Are you selfish? Do you value your time above everything else?
Selfish gets a bad wrap, people often associated being selfish as negative, a trait where you are focused primarily on yourself. The time we have is our most valuable commodity, the one thing we can never get back. So why are we demonized for wanting to spend it the way that makes us happy?
Today I want to talk about why it may be time to focus on yourself, take the time to be a little (key word) selfish and put yourself first.
Let’s start with a common scenario
“I have no time to exercise”
Is this truly the case? Very rarely will I see someone who is truly time poor. Yes, you have a family, a career, a lifestyle that is set up a certain way that leaves you very little time for yourself. However, this doesn’t necessarily mean you are time poor, rather you have just allocated your time more so to other priorities.
In this scenario I find using a system of allocating points quite helpful for people. That looks like getting people to grab a piece of paper and list your top 5 most important things in your life.
- Work / Money
- Everyday tasks (chores)
Now, none of the tasks on your top 5 list can go without a point allocation or they will simply not get done. This may actually be the case for a lot of you where you may value or hold an aspect of your life in high regard yet cease to give it any of your time.
Now with each of your top 5 tasks, allocate points based on worth, until you have used up all 10!
This may look like the following:
- Work / Money – 3 points
- Relationships – 3 points
- Health – 2 points
- Hobbies – 1 point
- Everyday tasks – 1 point
Now that we have allocated our points, we can see where our priorities lie. Each person completing this will have different values and points allocated to each value.
Being an exercise physiologist and this being a health blog, let’s look at health (surprise, surprise).
If someone where to look at their list and say I want to improve my health, they would have to take away from somewhere else on their list. As I said earlier there is only so many hours in the day, so many ways you can allocate yourself.
So where does being selfish come into this?
Maybe you previously had work / money higher up on your list, in the example above 3 points were allocated. This may have looked like regularly staying back late at work to please your boss, take on extra roles, social events of a night time or weekends, the list is endless.
Now by taking a point away this may look like stripping back on ‘work’. Maybe you don’t put your hand up next time to take on an extra project, instead you keep your time free and allow yourself to spend this on improving your health!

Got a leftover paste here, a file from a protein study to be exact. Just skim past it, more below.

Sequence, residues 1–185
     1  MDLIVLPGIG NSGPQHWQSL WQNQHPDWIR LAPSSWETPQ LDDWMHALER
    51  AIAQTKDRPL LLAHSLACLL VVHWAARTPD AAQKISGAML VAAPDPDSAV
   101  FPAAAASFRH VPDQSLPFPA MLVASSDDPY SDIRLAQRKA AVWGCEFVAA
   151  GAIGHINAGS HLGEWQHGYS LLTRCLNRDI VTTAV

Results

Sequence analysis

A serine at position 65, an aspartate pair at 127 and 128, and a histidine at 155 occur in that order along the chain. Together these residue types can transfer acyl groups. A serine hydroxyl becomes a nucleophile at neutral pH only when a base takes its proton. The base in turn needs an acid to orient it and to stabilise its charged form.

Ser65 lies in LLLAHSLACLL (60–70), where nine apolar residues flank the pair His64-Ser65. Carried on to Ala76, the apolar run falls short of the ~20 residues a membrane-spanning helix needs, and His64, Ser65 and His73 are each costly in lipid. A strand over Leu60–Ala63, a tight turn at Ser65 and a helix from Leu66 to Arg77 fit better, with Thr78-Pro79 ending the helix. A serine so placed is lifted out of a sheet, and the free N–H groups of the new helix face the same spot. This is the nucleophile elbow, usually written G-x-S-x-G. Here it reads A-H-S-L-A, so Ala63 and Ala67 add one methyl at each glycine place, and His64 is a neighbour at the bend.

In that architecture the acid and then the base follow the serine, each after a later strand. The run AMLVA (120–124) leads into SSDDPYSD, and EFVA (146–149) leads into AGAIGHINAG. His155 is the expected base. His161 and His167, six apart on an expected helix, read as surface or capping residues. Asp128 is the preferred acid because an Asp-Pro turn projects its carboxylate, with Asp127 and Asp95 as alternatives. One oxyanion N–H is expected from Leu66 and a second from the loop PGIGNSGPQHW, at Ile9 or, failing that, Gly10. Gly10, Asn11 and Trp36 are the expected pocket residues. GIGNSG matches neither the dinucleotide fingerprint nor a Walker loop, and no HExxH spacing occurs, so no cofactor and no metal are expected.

Is this wrong? It is inherently a selfish act. I would say no.
Let me rephrase this and shine it in another light.
What if you were to allocate more points to one specific value on your top 5 list, let’s say you allocate 5 points to work and take away a point from relationship and health.
What could happen?
- Burn out
- Health deterioration
- Relationships will be affected
- Mental and physical fatigue
- Increase money
- Potentially decrease job satisfaction
- Decreased productivity
Now out of that list I see a lot of potential negatives, one positive (increasing money). You may have noticed that other variables on your value list suffered!
Take a moment now to write down what the best version of yourself looks like?
Is this someone who works to the bone but sacrifices their health? Someone that is no irritable, consumed by work and unable to spend time with their friends / family.
Would you rather be a version of yourself that values their health, takes time to be selfish and say no to tasks once in a while so they can look after themselves and therefore improve every aspect of their lives by being present, healthy, mentally refreshed and ultimately happier.
Selfishness is a tool, like anything in our life’s moderation is essential. Now of course, we can tip the scale of being selfish into an unhealthy area, think of the extreme narcissist or sociopath, where their world revolves only around themselves and everything is an object that will either assist them in their endeavours or simply be in their way.
The point of this blog is to show you that it is ok to look after yourself, to put yourself on your priority list. Regularly engaging with exercise has a range of benefits.
Occasionally that may look like skipping an event because you are tired, it may look like saying no so you can exercise, meditate, read, perform a hobby.
Education and health promotion is one of the ways an Exercise physiologist can help you!
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